*Emetic – a medicine or other substance that causes vomiting.

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posted in BlogInvestments

Beware the Rollover Offer: 5 Important Questions to Ask

by Chris Jaccard, CFP®, CFA on 5/28/2016

Last week, one of my aunts asked me about rolling over an old 401(k) plan.  She had been getting calls from a friend saying she can get up to $8,000 in bonuses/incentives if she does the rollover now.  Wow, I thought, this is way beyond the usual $100 or $200 cash offers I’ve seen.

New Law Not in Full Effect

My remark to her was – Beware!  I told her of the new law I wrote about last month, and that we recently learned that the protections actually don’t come into full effect until April 2017.

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posted in BlogInvestmentsPersonal Finance

New Department of Labor Rules Coming Soon

by Chris Jaccard, CFP®, CFA on 4/4/2016

The Department of Labor is coming out with new rules in the next couple of weeks that some in the financial services industry have said is the most disruptive piece of regulation to come down since 1974.  What will it say?

It will basically require that financial advisors act in their clients’ best interests – as a “fiduciary” – when advising on company retirement plans such as 401(k) plans.  Currently, advice on these plans only has to be “suitable”, which can lead to the sale of expensive or inferior investment products.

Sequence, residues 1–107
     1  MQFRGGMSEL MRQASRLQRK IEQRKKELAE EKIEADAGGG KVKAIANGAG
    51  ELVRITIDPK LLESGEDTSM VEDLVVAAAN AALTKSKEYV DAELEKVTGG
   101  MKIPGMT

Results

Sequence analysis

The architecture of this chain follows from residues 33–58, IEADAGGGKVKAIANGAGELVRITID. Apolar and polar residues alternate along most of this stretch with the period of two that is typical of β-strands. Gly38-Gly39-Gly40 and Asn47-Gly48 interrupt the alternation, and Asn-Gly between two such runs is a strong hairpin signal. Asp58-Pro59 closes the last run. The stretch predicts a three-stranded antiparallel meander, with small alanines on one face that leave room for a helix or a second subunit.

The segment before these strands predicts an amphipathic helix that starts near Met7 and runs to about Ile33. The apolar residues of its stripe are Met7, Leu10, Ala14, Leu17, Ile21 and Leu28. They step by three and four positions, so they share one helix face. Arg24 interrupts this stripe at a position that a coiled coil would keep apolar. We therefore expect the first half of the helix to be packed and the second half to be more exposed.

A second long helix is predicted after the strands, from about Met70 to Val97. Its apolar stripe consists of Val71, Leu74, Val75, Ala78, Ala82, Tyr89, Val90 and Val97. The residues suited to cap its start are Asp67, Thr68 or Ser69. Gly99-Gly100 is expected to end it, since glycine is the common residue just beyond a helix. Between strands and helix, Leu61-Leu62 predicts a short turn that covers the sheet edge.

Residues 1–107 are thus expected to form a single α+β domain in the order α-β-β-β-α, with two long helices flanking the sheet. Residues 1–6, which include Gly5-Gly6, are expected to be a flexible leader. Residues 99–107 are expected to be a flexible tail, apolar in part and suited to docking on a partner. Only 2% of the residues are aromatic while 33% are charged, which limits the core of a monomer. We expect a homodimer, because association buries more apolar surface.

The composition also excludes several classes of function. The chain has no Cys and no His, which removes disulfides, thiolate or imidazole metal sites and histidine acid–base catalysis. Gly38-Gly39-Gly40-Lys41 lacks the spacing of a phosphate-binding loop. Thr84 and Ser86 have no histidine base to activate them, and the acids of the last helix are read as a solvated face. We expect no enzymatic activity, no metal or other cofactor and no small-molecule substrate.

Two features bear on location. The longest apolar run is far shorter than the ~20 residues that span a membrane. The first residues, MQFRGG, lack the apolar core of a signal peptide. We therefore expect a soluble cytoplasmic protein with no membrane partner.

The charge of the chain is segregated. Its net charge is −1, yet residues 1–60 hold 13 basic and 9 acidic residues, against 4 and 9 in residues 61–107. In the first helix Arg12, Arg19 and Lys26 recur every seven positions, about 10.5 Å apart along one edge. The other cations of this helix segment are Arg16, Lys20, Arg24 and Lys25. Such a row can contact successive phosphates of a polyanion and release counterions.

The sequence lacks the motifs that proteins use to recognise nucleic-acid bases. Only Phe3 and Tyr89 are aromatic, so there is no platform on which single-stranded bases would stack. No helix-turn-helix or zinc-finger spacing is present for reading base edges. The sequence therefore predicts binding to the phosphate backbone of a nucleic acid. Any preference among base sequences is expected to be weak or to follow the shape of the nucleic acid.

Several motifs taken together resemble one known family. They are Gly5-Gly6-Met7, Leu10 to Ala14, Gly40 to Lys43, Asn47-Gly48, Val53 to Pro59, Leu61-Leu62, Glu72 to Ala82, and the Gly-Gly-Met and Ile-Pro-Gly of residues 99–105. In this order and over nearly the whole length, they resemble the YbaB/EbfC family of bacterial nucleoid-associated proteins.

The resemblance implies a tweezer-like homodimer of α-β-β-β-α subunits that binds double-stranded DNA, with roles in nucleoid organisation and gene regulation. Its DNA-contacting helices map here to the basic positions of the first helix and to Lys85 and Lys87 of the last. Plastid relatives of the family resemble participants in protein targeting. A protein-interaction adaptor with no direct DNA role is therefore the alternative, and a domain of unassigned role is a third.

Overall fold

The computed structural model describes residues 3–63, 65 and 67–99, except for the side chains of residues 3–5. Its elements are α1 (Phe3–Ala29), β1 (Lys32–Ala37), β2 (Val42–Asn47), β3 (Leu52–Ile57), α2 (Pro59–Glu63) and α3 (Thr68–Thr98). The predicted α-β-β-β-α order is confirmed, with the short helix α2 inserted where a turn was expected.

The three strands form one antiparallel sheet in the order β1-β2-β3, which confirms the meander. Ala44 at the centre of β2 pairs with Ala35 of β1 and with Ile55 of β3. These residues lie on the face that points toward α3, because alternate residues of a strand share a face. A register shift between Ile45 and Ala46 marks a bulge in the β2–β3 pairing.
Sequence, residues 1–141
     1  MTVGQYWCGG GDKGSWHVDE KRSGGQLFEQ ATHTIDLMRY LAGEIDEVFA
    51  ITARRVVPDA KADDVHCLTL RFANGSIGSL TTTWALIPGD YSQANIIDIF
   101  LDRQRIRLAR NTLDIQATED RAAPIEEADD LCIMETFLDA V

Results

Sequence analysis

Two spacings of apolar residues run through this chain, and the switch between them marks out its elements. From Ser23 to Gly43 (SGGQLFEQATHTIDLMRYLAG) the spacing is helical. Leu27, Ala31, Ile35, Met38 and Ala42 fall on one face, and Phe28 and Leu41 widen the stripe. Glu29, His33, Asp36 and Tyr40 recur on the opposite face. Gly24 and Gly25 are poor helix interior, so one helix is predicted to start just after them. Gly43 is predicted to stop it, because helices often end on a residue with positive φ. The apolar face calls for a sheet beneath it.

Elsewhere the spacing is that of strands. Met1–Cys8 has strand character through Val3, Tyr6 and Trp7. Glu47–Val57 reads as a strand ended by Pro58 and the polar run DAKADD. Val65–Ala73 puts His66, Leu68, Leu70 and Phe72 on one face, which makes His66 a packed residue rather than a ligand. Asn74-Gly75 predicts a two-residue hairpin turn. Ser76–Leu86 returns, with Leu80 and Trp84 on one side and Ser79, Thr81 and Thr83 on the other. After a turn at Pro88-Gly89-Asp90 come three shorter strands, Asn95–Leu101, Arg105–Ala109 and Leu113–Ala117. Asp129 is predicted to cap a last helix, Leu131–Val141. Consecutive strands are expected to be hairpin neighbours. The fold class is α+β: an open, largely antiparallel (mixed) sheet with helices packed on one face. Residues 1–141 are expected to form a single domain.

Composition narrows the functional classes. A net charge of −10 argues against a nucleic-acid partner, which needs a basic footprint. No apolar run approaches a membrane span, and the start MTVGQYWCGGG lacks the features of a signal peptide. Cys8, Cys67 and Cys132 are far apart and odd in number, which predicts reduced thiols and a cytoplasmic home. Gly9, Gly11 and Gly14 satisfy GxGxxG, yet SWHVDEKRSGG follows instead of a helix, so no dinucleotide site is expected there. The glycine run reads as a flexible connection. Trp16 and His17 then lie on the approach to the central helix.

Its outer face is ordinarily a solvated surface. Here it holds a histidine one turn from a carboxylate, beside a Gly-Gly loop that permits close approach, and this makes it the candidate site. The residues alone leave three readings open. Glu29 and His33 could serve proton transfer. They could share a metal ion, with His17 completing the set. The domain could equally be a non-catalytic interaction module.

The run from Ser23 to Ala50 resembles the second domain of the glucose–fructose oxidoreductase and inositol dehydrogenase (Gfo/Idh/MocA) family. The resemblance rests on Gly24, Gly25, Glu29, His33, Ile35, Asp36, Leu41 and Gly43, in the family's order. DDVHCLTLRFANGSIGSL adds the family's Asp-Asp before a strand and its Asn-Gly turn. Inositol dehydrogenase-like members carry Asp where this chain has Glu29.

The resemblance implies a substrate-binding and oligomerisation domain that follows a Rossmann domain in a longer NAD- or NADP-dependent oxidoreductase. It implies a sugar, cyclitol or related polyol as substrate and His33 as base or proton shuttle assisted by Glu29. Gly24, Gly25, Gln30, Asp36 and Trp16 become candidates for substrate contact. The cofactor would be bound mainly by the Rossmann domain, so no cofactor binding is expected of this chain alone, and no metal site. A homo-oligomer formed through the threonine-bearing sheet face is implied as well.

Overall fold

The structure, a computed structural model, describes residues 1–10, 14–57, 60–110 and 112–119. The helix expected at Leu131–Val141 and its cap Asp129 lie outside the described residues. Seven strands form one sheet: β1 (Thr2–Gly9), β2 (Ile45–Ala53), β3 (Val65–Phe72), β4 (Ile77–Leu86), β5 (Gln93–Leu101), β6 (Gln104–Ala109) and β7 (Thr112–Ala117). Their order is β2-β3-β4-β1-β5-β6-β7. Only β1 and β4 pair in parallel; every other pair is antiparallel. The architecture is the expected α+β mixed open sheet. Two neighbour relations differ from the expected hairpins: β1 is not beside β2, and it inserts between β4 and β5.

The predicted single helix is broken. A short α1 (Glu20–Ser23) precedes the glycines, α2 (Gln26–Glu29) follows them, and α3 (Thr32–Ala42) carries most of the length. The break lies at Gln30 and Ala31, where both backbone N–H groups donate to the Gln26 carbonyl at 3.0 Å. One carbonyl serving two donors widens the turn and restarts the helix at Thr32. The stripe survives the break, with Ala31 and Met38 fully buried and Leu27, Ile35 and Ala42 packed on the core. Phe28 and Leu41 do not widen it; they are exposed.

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posted in BlogInvestmentsPersonal Finance

S&P 500 Annual Returns and Intra-Year Declines

by Jim Freeman, CFP® on 11/2/2015

Last quarter the US stock market as measured by the S&P 500 experienced its first 10% correction since 2011. As you can see from this graph, “Annual Returns and Intra-Year Declines” these types of fluctuations are normal and to be expected. The red dot and red negative numbers on the graph show the largest peak to trough drop during each year and the black bars and black numbers show the total returns for each year. The total returns shown here do not include dividends.

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posted in BlogInvestments

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Posts are general in nature and do not constitute the rendering of legal, investment, accounting or other professional advice.